With all of events in Ferguson and New York in mind and in light of Joseph’s dreams I pause to reread Reverend Martin Luther King, Jr.’s  “I have a Dream” speech from August 28, 1963. Where Joseph’s dreams spoke of his hubris and ends with him in a pit, King’s dream describes the situation of Blacks in this country being in a pit and King’s aspirations for us all to live as equals. There he said:

I say to you today, my friends, that in spite of the difficulties and frustrations of the moment, I still have a dream. It is a dream deeply rooted in the American dream. I have a dream that one day this nation will rise up and live out the true meaning of its creed: “We hold these truths to be self-evident: that all men are created equal.” I have a dream that one day on the red hills of Georgia the sons of former slaves and the sons of former slave-owners will be able to sit down together at a table of brotherhood.

King delivered this iconic speech on the steps at the Lincoln Memorial in Washington D.C.  In his speech he referenced it being 100 years since Lincoln’s Emancipation Proclamation. With all of the recent events, it is crazy to realize that it has been 51 years since King’s speech. Unfortunately the question of how someone could kill or enslave a brother is both timeless and  still so timely. The fraternal order of police along with the rest of us need to look into the mirror and determine how we allow this plague of fratricide to continue.  As king says:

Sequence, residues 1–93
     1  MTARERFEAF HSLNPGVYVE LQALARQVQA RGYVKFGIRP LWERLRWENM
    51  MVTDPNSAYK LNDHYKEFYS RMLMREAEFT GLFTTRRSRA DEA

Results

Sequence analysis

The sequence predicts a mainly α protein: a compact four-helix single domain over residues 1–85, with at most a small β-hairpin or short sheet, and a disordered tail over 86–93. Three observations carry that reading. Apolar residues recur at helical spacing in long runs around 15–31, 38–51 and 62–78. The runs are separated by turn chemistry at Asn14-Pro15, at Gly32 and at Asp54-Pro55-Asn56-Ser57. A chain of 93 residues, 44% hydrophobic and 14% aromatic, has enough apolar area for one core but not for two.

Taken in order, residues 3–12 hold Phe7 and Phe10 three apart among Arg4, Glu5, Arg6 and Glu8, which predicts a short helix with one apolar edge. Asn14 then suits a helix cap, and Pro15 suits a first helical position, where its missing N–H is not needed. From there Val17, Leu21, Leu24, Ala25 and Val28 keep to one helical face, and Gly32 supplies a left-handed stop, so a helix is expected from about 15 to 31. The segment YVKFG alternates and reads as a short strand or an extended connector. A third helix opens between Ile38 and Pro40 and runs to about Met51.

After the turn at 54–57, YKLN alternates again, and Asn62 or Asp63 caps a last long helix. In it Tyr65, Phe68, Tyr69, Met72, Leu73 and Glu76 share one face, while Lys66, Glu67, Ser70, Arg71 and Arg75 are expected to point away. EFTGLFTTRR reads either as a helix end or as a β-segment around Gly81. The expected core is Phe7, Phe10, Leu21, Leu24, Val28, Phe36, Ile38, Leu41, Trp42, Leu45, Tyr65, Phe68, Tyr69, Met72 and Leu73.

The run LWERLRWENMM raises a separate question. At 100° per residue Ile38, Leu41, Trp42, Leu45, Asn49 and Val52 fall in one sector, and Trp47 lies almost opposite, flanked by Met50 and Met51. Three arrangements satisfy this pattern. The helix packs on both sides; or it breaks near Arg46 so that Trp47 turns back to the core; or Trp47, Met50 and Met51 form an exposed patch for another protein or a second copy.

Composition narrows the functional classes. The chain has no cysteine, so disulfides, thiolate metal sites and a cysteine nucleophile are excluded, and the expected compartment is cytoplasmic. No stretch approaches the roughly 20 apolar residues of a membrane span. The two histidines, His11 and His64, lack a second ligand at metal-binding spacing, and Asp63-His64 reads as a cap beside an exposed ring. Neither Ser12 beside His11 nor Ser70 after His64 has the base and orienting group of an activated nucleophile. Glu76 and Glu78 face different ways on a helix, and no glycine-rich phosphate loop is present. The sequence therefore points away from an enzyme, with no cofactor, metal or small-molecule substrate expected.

When we let freedom ring, when we let it ring from every village and every hamlet, from every state and every city, we will be able to speed up that day when all of God’s children, black men and white men, Jews and Gentiles, Protestants and Catholics, will be able to join hands and sing in the words of the old Negro spiritual, “Free at last! free at last! Thank God Almighty, we are free at last!”

When none of us are in a pit we can see each other as equals. At that point we can break bread together and sit with each other at the table of brotherhood. Just because this problem has existed since the time of  Joseph and his brothers, does not  mean it is not urgent. We all have a lot of work to do.  How many more brothers need to die before King’s dream becomes a reality?